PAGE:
Is it true that Minhag Chabad is to refrain from eating meat even after making a Siyum during the 9 days?
I have not heard of such a Minhag as an official Chabad Minhag.
In Sefer Haminhagim it relates:
כ”ק אדמו”ר (מהרש”ב) נ”ע הי’ נוהג לעשות סיומים בט’ ימים שבין ר”ח לט’ באב אף שלא היה סועד אח״כ בבשר ויין.
In the English translation:
The Rebbe Rashab used to time the festive conclusion of his study of various Talmudic tractates to coincide with the Nine Days from Rosh Chodesh Menachem Av until Tishah BeAv. The meal that honored each such Siyum, however, included neither wine nor meat.
It’s possible that people understand from the translation as to say that the Rebbe Rashab was makpid that although he made a siyum he nevertheless did not eat meat. However, from the simple understanding of the Hebrew text, it doesn’t seem to imply that. Rather he made a siyum even though he had no intention of eating meat.
Furthermore, there are numerous times the Rebbe quoted this custom and on (at least) one occasion explained the basis for the custom.
In שיחות קודש תש”מ ש”פ דברים סעי’ צג the Rebbe says that the Rebbe Rashab needed for health reasons to eat chicken once every few days (including at least once in the nine days) and in order to eat chicken, he made a siyum on all of the nine days. The Rebbe then goes on to ask if the Rebbe Rashab only needed to eat chicken one day why did he have to make a siyum every day? The Rebbe answers because he didn’t want to use the Torah as something to use for his own physical benefit. In other words, he didn’t want to make a siyum in order to eat chicken – even if needed for health reasons. This way since he made a siyum every day it’s not noticeable that it was so he can eat chicken on that one day.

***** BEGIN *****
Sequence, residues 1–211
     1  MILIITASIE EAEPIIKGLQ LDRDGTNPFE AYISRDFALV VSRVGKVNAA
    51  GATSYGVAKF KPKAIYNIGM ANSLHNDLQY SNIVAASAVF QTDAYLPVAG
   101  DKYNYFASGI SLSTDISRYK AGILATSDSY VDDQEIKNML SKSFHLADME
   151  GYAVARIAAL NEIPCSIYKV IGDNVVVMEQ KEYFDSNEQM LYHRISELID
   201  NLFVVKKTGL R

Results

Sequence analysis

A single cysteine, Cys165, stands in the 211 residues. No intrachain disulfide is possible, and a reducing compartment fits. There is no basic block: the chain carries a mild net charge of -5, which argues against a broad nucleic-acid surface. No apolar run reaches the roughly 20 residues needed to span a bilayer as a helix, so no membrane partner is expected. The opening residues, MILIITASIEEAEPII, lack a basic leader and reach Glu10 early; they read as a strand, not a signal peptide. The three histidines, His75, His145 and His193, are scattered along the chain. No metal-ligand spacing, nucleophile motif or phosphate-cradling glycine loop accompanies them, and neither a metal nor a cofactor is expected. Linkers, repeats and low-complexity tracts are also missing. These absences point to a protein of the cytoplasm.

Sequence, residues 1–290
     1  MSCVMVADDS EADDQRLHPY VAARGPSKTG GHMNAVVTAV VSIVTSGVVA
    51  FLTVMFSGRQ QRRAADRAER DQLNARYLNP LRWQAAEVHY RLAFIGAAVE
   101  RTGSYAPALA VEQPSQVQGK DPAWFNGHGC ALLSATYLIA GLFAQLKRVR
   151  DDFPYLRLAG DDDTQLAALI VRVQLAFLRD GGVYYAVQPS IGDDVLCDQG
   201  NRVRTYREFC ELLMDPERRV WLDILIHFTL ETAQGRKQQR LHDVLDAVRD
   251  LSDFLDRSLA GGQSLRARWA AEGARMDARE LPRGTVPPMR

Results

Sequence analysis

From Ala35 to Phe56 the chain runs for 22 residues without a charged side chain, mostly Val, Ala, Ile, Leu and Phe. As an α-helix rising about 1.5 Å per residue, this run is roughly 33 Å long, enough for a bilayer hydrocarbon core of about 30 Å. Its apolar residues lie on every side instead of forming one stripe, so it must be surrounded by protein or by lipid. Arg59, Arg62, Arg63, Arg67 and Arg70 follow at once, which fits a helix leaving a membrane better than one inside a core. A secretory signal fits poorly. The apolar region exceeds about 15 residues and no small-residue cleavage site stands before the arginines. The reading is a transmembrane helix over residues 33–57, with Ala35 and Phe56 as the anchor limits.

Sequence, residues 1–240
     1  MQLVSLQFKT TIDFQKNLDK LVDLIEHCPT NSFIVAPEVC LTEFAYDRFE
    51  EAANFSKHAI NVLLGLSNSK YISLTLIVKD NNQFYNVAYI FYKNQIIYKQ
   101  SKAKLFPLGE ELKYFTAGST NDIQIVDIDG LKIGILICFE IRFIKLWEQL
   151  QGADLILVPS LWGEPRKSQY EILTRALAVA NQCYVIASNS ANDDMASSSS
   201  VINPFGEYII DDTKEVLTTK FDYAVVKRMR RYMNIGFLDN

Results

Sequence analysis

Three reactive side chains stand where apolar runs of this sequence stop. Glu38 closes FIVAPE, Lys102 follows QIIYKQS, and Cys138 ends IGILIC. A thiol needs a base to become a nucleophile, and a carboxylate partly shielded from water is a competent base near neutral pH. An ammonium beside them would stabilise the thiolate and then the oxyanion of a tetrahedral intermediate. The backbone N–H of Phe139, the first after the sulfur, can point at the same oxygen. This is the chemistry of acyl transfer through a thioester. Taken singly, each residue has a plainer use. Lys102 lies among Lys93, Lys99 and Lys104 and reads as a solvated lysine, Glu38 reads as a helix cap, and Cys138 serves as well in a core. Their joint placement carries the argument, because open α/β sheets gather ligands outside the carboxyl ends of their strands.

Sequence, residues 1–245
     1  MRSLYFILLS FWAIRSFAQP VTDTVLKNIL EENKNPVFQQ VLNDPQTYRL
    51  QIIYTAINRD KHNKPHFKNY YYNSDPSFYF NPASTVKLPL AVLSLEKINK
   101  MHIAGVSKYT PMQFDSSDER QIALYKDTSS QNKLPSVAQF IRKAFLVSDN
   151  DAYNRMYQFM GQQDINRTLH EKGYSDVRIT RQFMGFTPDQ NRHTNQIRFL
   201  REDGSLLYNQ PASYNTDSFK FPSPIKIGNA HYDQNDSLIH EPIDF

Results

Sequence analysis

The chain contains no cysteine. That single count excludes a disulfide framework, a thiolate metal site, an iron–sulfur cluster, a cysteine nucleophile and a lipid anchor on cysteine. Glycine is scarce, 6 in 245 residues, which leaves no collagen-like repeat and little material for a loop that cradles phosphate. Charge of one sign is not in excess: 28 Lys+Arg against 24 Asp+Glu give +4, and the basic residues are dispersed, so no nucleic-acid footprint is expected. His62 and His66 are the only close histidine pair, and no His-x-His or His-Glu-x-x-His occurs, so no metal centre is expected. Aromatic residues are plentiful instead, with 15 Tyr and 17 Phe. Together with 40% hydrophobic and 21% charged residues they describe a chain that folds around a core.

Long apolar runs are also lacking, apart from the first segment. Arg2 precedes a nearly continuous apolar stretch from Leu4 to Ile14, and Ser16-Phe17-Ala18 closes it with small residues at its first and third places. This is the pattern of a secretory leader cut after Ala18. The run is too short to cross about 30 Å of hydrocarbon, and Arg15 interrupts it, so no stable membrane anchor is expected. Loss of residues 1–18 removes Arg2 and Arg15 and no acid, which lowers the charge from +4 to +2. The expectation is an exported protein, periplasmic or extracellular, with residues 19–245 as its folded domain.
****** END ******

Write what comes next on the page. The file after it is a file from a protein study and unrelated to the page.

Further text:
Also interesting to note from תו”מ ש”פ פנחס תשמ”ה (page 2648) where the Rebbe mentions
ומכיון שעושים סיום מסכת – יכולים לעשות סעודת מצוה ולאכול בשר ולשתות יין. וכפי שכבר נהגו בכמה מקומות לעשות סיומים ולקשר זאת עם סעודת מצוה עד לאכילת בשר כו’.
Thus, there is no official minhag not to eat meat. At the same time, the purpose of the siyum is not in order to have meat. Nor was that the intention of the Rebbe’s horaah to make siyumim every day. Perhaps, that’s the reason why a custom developed not to serve meat at siyumim other than where necessary.
Additionally, when it comes to eating meat, there are certain restrictions as to what constitutes a siyum, and whether it’s permitted to schedule it deliberately for the nine days, as well as restrictions on who can attend a siyum with meat. For all these reasons, many are accustomed not to serve meat and such occasions.
בספר המנהגים מובא שעשה סיום אף שלא היה סועד בבשר. ולא שלא אכל בשר. ונתבאר בשיחת ש״פ דברים תש״מ הטעם. ועד״ז בכ״מ. וראה שיחת ש״פ פינחס תשמ״ה, ובנוגע לסיום ספר (אחד של ה)הרמב״ם. וראה שיחת ש״פ מטו״מ תש״מ. ש״פ מטו״מ תשמ״ג. לקו״ש כג ע׳ 223. כח ע׳ 287 הע׳ 69-72. יח ע׳ 316. כט ע׳ 250. סה״ש תנש״א ב ע׳ 708. ש״פ מטו״מ תשמ״ז בלתי מוגה. ועוד. וראה ההודעה לציבור מתשל״ה – התקשרות שסה. וראה תשורה רבינוביץ סיון תשס״ד ע׳ 17. וכן נהגו בתשל״ה ב770, בשתיית יין, ראה בית משיח דברים תשנ״ח. קובץ אהלי תורה דברים תשנ״ח.
Based on your explanation here, if you were going to a Siyum that served meat (and the Siyum was being made for the right reason, and it was one that you would generally attend) would you feel comfortable eating meat?
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